a. The most we will pay for damages sustained in such “accident” by an “insured” other than an individual Named Insured or any “family member” is that “insured's” pro rate share of the limit shown in the Schedule or Declarations applicable to the vehicle that “insured” was “occupying” at the time of the “accident”.
b. An Individual Named Insured or any “family member” who sustains “bodily injury” in such “accident” will also be entitled to a pro rate share of the limit described in Paragraph a. above.
A person's pro rata share is the proportion that that person's damages bear to the total damages sustained to all “insured”.
2. If the “bodily injury” is sustained by any “insured”, other than the individual Named Insured or any “family member”, in an “accident” in which neither such Named Insured nor any “family member” sustained “bodily injury”, the limit of liability shown in the Schedule or Declarations for this coverage is our maximum limit of liability for all damages resulting from any such “accident”.
The bus occupants sought a declaration that UIM coverages on each of the 63 school buses listed on the Consolidated policy can be stacked for a total combined policy limit of $31,500,000. Consolidated argued the bus occupants are insureds of the second class and, therefore, may not stack the UIM coverages. The bus occupants argued that pursuant to the reasonable expectations doctrine, the coverages may be stacked; that ambiguous language in the policy requires it be construed in their favor to permit stacking; and Consolidated was estopped from denying stacking because of representations made to the Magoffin County Board of Education by an insurance agent that the UIM coverages could be stacked. In support of their arguments, the bus occupants attached an affidavit of Rodney Ward stating that the Magoffin County Board of Education informed its insurance agent, Curneal and Hignite Insurance, that it wanted high coverage limits because of the large number of uninsured motorists or those with only minimum liability limits in Magoffin County and its agent represented that the UIM coverage was stackable.
The trial court issued an order declaring the $500,000 UIM limit on each of the 63 school buses owned by the Magoffin County Board of Education could be stacked. It found the bus occupants had a reasonable expectation that the policy was stackable based on the separate premiums paid for each bus and the policy language. The court further found Consolidated was estopped from denying the policies could be stacked. After the court made its order final and appealable, Consolidated appealed.
“A party seeking to ․ obtain a declaratory judgment may, at any time ․ move with or without supporting affidavits for a summary judgment in his favor [.]” Kentucky Rules of Civil Procedure (CR) 56.01. “In cases where a summary judgment has been granted in a declaratory judgment action and no bench trial held, the standard of review for summary judgments is utilized.” Ladd v. Ladd, 323 S.W.3d 772, 776 (Ky.App. 2010). “The general formula Kentucky courts at all levels employ to determine whether summary judgment is proper is to ask whether there are genuine issues of material fact, and, if not, whether the movant is entitled to judgment as a matter of law.” Smith v. O'Dea, 939 S.W.2d 353, 355 (Ky.App. 1997).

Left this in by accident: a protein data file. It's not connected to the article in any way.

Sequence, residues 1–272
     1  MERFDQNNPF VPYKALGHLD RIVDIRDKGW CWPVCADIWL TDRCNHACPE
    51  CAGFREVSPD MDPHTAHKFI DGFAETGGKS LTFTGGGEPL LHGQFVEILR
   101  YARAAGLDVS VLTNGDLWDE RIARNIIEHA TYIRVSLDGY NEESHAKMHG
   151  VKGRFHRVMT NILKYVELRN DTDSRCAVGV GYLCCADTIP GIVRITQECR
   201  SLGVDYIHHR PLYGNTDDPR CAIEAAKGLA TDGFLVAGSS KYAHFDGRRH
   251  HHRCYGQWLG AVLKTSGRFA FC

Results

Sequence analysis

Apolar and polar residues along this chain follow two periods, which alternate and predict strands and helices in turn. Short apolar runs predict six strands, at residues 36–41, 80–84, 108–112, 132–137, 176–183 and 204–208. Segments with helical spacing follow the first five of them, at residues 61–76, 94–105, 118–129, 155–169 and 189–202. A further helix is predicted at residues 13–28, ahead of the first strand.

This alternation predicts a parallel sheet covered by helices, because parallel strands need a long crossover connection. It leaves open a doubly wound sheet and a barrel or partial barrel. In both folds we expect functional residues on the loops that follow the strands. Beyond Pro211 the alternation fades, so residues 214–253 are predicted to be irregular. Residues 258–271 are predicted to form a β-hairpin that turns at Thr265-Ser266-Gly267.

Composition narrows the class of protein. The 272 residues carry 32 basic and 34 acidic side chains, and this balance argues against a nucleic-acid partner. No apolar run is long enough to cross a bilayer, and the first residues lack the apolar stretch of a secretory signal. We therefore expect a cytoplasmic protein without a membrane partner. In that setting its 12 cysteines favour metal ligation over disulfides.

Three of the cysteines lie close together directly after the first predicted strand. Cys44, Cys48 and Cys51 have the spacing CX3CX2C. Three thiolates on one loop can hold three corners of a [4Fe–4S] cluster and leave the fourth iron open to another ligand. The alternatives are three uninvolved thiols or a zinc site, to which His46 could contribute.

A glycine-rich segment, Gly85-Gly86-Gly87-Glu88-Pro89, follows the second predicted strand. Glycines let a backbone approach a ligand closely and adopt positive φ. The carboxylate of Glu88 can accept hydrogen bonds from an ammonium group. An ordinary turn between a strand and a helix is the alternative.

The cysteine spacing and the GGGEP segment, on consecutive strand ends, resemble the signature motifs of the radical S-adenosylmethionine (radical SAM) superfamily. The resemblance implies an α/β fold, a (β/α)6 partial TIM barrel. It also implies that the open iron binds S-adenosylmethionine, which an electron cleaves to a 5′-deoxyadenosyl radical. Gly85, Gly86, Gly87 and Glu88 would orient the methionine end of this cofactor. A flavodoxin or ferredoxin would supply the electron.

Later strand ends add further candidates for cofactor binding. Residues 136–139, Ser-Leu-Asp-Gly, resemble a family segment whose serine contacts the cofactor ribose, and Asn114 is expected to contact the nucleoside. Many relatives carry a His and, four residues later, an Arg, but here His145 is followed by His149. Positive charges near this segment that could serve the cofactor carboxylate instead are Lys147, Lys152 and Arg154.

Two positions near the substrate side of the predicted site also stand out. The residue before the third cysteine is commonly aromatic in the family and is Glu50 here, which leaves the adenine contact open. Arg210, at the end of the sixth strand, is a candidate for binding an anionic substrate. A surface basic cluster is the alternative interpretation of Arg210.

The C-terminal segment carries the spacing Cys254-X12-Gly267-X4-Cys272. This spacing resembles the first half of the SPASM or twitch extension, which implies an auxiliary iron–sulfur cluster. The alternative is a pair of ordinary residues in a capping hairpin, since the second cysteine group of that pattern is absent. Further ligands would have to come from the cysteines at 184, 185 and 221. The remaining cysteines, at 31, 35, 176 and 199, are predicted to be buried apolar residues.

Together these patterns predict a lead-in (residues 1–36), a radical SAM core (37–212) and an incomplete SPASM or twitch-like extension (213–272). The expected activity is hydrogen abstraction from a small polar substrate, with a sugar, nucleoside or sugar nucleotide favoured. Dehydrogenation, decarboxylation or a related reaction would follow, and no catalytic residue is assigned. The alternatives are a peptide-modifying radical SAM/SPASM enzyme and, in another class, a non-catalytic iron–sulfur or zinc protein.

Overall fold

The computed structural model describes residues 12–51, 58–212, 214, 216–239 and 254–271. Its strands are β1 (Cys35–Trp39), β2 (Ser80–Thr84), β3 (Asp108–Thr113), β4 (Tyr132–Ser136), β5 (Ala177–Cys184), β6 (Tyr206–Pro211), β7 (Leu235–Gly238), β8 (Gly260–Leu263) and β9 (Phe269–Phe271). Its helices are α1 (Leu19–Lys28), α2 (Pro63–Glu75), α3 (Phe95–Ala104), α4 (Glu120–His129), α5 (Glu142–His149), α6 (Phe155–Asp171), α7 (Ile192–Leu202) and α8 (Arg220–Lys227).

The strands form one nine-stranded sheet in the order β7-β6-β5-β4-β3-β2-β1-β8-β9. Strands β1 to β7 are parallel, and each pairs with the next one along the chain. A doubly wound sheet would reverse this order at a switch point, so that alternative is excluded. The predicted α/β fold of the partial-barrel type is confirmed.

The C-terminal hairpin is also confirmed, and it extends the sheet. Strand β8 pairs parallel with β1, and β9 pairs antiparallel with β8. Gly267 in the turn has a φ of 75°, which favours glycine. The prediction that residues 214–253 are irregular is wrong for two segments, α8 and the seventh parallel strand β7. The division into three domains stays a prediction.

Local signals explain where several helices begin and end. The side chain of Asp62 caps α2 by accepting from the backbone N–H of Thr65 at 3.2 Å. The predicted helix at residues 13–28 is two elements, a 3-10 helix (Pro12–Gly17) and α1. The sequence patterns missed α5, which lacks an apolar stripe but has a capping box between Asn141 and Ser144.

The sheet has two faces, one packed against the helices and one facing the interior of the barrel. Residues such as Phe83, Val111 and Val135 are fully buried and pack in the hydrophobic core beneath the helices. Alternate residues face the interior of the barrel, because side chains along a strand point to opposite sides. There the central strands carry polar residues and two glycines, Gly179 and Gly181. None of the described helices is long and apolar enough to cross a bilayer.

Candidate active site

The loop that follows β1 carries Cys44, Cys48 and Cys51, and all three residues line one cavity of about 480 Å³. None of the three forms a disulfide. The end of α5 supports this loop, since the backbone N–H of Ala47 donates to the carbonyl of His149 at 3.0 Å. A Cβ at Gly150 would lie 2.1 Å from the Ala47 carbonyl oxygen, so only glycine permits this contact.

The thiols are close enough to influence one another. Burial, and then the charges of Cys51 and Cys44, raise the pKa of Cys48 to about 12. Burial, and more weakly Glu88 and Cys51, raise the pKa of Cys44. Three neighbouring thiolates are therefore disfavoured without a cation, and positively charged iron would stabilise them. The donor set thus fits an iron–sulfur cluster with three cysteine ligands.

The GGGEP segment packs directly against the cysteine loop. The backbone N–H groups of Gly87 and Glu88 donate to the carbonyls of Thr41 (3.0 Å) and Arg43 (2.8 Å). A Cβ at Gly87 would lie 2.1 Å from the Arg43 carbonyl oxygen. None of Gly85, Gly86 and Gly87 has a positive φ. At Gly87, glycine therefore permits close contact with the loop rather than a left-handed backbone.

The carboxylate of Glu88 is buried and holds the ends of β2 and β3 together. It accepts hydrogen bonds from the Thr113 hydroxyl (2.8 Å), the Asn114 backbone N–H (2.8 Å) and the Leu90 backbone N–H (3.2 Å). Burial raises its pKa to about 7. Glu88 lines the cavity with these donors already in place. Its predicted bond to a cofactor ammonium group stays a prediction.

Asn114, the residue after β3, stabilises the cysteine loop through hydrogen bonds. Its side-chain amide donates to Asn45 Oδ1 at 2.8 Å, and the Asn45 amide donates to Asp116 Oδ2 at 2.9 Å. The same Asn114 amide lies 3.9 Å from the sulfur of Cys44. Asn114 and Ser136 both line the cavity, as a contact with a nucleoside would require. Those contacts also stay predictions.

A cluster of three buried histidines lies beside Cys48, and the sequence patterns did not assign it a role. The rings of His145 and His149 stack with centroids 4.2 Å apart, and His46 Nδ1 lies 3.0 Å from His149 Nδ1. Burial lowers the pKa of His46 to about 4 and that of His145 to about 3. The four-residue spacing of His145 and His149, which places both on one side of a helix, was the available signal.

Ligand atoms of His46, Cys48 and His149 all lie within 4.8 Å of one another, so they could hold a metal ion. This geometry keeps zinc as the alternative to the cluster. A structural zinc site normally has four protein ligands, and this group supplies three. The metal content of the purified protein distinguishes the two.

We interpret an insurance contract as a matter of law and our review is de novo. Cincinnati Ins. Co. v. Motorists Mut. Ins. Co., 306 S.W.3d 69, 73 (Ky. 2010). In doing so, we apply certain rules of construction including that when the terms of an insurance contract are unambiguous and not unreasonable, the terms will be enforced as written. Wehr Constructors, Inc. v. Assurance Co. of Am., 384 S.W.3d 680, 685 (Ky. 2012). The terms of an insurance contract are “interpreted in light of the usage and understanding of the average person.” Stone v. Kentucky Farm Bureau Mut. Ins. Co., 34 S.W.3d 809, 811 (Ky.App. 2000). Although ambiguous terms are to be construed in favor of the insured, “we must also give the policy a reasonable interpretation, and there is no requirement that every doubt be resolved against the insurer.” Id. Moreover, there must be an actual ambiguity. “The mere fact that [a party] attempt[s] to muddy the water and create some question of interpretation does not necessarily create an ambiguity.” Kentucky Ass'n of Counties All Lines Fund Trust v. McClendon, 157 S.W.3d 626, 633-34 (Ky. 2005) (quoting True v. Raines, 99 S.W.3d 439, 443 (Ky. 2003)). With these rules of interpretation as our framework, we consider whether the bus occupants may stack the UIM of coverages on the 63 buses or whether they are limited to their pro rata share of the $500,000 coverage on the single bus they occupied at the time of the accident.